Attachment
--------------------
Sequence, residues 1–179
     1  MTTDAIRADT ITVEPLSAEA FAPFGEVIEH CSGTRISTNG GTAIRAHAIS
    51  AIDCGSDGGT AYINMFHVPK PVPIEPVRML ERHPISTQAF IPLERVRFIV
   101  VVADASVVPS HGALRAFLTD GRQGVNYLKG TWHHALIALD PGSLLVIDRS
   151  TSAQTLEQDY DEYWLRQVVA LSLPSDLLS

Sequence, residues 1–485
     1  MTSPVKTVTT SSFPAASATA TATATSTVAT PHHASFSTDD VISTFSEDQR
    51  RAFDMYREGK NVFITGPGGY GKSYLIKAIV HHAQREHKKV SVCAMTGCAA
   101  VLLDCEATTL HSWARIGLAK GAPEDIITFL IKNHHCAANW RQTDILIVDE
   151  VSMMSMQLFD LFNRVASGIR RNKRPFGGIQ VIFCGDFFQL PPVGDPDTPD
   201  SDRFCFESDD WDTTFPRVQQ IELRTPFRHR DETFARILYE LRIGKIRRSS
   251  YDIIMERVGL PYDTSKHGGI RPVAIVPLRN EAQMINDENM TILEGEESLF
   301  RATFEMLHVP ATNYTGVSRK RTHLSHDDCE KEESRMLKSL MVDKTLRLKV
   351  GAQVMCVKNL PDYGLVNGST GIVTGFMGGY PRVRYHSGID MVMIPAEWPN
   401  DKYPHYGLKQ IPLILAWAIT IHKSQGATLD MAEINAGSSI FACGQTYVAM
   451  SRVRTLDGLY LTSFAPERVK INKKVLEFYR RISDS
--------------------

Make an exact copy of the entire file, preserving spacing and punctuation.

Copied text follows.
Sequence, residues 1–179
     1  MTTDAIRADT ITVEPLSAEA FAPFGEVIEH CSGTRISTNG GTAIRAHAIS
    51  AIDCGSDGGT AYINMFHVPK PVPIEPVRML ERHPISTQAF IPLERVRFIV
   101  VVADASVVPS HGALRAFLTD GRQGVNYLKG TWHHALIALD PGSLLVIDRS
   151  TSAQTLEQDY DEYWLRQVVA LSLPSDLLS

Sequence, residues 1–485
     1  MTSPVKTVTT SSFPAASATA TATATSTVAT PHHASFSTDD VISTFSEDQR
    51  RAFDMYREGK NVFITGPGGY GKSYLIKAIV HHAQREHKKV SVCAMTGCAA
   101  VLLDCEATTL HSWARIGLAK GAPEDIITFL IKNHHCAANW RQTDILIVDE
   151  VSMMSMQLFD LFNRVASGIR RNKRPFGGIQ VIFCGDFFQL PPVGDPDTPD
   201  SDRFCFESDD WDTTFPRVQQ IELRTPFRHR DETFARILYE LRIGKIRRSS
   251  YDIIMERVGL PYDTSKHGGI RPVAIVPLRN EAQMINDENM TILEGEESLF
   301  RATFEMLHVP ATNYTGVSRK RTHLSHDDCE KEESRMLKSL MVDKTLRLKV
   351  GAQVMCVKNL PDYGLVNGST GIVTGFMGGY PRVRYHSGID MVMIPAEWPN
   401  DKYPHYGLKQ IPLILAWAIT IHKSQGATLD MAEINAGSSI FACGQTYVAM
   451  SRVRTLDGLY LTSFAPERVK INKKVLEFYR RISDS